Texas attorney general nets huge victory for free speech

2H4AWPF Ken Paxton, Texas attorney general, offers remarks outside in front of the Supreme Court of the United States in Washington, DC, Monday, November 1, 2021. The Supreme Court of the United States agreed to review a controversial Texas abortion law but refused to block the law while it examines the state's unusual enforcement scheme and whether the Department of Justice has the right to sue to block the law. Credit: Rod Lamkey/CNP /MediaPunch

Photo: Alamy

Texas Attorney General Ken Paxton (R) revealed on Twitter that he had secured a huge win for free speech in federal court, hitting back against the tyranny of Big Tech’s rampant online censorship. “BREAKING: I just secured a MASSIVE VICTORY for the Constitution & Free Speech in fed court,” Paxton wrote.

He continued, “#BigTech CANNOT censor the political voices of ANY Texan! The 5th Circuit ‘reject[s] the idea that corporations have a freewheeling First Amendment right to censor what people say.”

Paxton attached two images of court documents to his tweet, highlighting a ruling from the U.S. Court of Appeals for the 5th Circuit. The ruling took overturned a decision made in a lower court that stonewalled Texans from being able to sue Big Tech companies for censoring their political viewpoints, per Just the News.

According to the ruling:

“The implications of the platforms’ argument are staggering. On the platforms’ view, email providers, mobile phone companies, and banks could cancel the accounts of anyone who sends an email, makes a phone call, or spends money in support of a disfavored political party, candidate, or business. What’s worse, the platforms argue that a business can acquire the dominant market position by holding itself out as open to everyone – as Twitter did in championing itself as ‘the free speech wing of the free speech party.’”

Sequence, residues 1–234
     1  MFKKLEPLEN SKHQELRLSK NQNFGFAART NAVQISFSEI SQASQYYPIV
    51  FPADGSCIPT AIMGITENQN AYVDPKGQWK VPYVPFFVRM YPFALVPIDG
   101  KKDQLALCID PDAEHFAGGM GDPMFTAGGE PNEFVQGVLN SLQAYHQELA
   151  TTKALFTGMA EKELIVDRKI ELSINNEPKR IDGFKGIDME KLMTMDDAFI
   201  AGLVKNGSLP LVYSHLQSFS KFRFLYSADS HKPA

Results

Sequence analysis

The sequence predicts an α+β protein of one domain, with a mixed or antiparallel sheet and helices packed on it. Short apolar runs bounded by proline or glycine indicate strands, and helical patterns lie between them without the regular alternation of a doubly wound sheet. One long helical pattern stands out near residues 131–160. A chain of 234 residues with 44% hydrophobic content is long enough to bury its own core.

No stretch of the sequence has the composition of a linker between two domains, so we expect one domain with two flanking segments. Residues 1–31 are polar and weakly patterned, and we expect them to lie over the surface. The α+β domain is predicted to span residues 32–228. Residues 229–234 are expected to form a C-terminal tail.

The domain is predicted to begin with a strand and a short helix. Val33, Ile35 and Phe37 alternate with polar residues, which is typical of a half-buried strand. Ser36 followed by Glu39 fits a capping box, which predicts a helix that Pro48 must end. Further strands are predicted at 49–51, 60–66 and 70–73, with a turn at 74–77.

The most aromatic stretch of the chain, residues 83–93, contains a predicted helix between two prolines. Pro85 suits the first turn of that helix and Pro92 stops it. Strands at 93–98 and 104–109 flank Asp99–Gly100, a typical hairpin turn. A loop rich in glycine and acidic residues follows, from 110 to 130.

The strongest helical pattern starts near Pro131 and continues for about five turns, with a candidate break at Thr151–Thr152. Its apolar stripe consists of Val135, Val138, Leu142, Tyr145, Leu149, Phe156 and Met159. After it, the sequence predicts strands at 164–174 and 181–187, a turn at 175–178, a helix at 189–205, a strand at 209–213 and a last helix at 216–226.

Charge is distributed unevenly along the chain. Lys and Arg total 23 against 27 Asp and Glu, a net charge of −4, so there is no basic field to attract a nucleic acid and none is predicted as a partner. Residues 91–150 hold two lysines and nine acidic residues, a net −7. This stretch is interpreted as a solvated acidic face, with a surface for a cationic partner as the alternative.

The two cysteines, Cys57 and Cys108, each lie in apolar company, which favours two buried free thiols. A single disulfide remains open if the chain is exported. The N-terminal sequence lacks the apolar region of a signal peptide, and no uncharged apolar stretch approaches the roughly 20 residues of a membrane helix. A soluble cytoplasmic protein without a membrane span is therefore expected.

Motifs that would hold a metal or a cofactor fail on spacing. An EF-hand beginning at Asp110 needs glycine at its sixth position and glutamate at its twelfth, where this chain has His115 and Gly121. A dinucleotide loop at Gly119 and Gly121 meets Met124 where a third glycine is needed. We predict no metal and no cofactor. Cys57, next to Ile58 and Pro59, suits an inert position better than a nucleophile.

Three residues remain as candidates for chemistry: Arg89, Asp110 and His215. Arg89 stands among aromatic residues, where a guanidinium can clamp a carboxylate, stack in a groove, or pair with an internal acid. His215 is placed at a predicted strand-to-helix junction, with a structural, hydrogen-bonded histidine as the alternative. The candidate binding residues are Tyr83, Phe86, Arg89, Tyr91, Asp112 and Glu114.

According to Just the News, the federal court’s new decision will uphold the law allowing both Texas residents and the Office of the Texas Attorney General to file lawsuits against social media giants like Twitter or Instagram if they engage in censorship.

“Today we reject the idea that corporations have a freewheeling First Amendment right to censor what people say. Because the district court held otherwise, we reverse its injunction and remand for further proceedings,” the ruling concluded.

The Lone Star State’s legal win against the suppression tactics of social media platforms comes on the heels of widespread suspicion and distrust of sites like Facebook.

In early September, a Louisiana judge ordered key members of the Biden administration to hand over communications between themselves and Big Tech companies, per RSBN.

The lawsuit, spearheaded by Missouri state Attorney General Eric Schmitt (R), specifically took aim at censorship that was coming top-down from the current administration’s alleged partnership with social media platforms.

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